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Tuesday, July 23, 2024

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Black Farmers’ Market Memphis aims to be oasis in food desert

The Black Farmers’ Market Memphis kicked off its third season on recently, with the promise of bringing nutrient-dense fresh food into one of Memphis’ many food deserts.

The market opened on Saturday, June 15, in observance of Juneteenth weekend. The initiative, a collaboration between The Black Clergy Collaborative of Memphis, Pilgrim Rest Church, and Charlotte & Pickens, aims to address systemic issues such as food deserts and the wealth gap, while celebrating the community’s agricultural heritage.

Brittney Sessoms, the owner of Charlotte & Pickens and the visionary behind the market, emphasized the significance of the event.

“It makes no sense that black people anywhere are hungry or unhoused, given our historical connection to the land and food,” said Brittany Sessoms, who brought the vision to life. “The market is a response to the challenges faced by the local community, providing access to fresh, affordable, nutrient-dense food.”

The market offered a variety of local produce and artisanal products. Vendors included Crawford’s Garden Starters, Lockard’s Produce, Midtown Bramble & Bloom, and Toles Farms, as well as Black Majestea, South of the Caribbean Islands, and CxffeeBlack.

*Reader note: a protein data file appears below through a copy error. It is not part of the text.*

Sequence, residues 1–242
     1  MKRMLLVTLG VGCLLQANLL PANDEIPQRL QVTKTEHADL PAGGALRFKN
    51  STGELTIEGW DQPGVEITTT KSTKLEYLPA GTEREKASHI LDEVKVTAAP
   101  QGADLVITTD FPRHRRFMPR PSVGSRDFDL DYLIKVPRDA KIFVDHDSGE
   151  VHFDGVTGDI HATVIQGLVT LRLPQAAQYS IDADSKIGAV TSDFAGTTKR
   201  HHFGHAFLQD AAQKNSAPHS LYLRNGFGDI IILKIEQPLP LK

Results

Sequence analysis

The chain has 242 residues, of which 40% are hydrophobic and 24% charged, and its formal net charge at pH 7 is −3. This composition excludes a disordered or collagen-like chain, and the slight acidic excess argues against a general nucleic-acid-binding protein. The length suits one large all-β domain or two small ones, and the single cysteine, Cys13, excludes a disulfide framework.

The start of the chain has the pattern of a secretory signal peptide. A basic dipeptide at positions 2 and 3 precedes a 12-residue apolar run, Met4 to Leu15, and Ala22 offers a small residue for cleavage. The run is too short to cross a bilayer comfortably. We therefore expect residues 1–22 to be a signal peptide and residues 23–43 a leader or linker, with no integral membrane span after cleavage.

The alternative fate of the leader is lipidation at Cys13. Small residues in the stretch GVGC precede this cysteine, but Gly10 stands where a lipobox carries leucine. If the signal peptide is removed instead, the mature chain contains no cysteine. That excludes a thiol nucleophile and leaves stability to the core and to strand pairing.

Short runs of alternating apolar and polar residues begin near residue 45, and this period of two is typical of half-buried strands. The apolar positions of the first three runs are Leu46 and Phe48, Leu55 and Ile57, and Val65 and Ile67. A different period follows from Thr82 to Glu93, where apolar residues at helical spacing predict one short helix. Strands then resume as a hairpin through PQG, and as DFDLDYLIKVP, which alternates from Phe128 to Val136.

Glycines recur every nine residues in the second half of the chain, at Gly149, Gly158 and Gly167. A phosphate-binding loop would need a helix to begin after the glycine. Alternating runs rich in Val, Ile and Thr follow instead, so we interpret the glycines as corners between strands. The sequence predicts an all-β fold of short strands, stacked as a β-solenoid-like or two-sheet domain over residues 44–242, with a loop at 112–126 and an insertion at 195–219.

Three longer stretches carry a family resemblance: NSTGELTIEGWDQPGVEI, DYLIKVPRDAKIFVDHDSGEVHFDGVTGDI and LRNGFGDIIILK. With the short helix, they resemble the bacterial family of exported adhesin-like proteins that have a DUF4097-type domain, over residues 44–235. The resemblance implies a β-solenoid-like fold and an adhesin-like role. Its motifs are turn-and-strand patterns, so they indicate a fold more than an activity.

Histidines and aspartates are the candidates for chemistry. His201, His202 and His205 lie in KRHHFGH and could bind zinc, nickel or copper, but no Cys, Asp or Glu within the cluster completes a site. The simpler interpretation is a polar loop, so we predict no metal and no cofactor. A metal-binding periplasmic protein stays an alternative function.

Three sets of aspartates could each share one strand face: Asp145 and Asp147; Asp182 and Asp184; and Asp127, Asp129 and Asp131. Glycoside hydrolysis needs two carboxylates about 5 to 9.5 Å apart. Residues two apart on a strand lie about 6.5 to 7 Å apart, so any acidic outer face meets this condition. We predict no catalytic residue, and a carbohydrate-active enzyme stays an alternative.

The event featured a rich tapestry of local flavors and cultural expressions, creating a vibrant atmosphere for attendees.

One of the highlights was a live plant-based food demonstration by the Nutrition Ambassadors Network, promoting sustainable practices. The first 50 guests received reusable shopping bags with the message “Live, Love, Local,” underscoring the market’s commitment to environmental stewardship.

The market also featured live performances, including a set by DJ Juice the Great and an artist chat with local artist Dottie, moderated by writer Danica Wills. Children’s author Alice Faye Duncan conducted a live reading of her book, “Opal Lee and What it Means to Be Free,” adding an educational component to the event.

Food trucks such as Frozen Spoon, Crossover Eats, and Chi Phi provided a diverse array of culinary options, further enhancing the market’s appeal. These vendors not only offered delicious food but also represented the entrepreneurial spirit within the community.

The Black Farmers’ Market Memphis is not just a marketplace; it is a movement aimed at fostering direct relationships between farmers, chefs, and consumers, creating a self-sustaining ecosystem that benefits the entire community. It stands as a model for transforming local food systems into engines of economic, social, and cultural resilience.

The market will be open every Tuesday from 3 p.m. to 6 p.m. until September 24, 2024. For more information, visit Black Farmers’ Market Memphis or call 901-646-0947.

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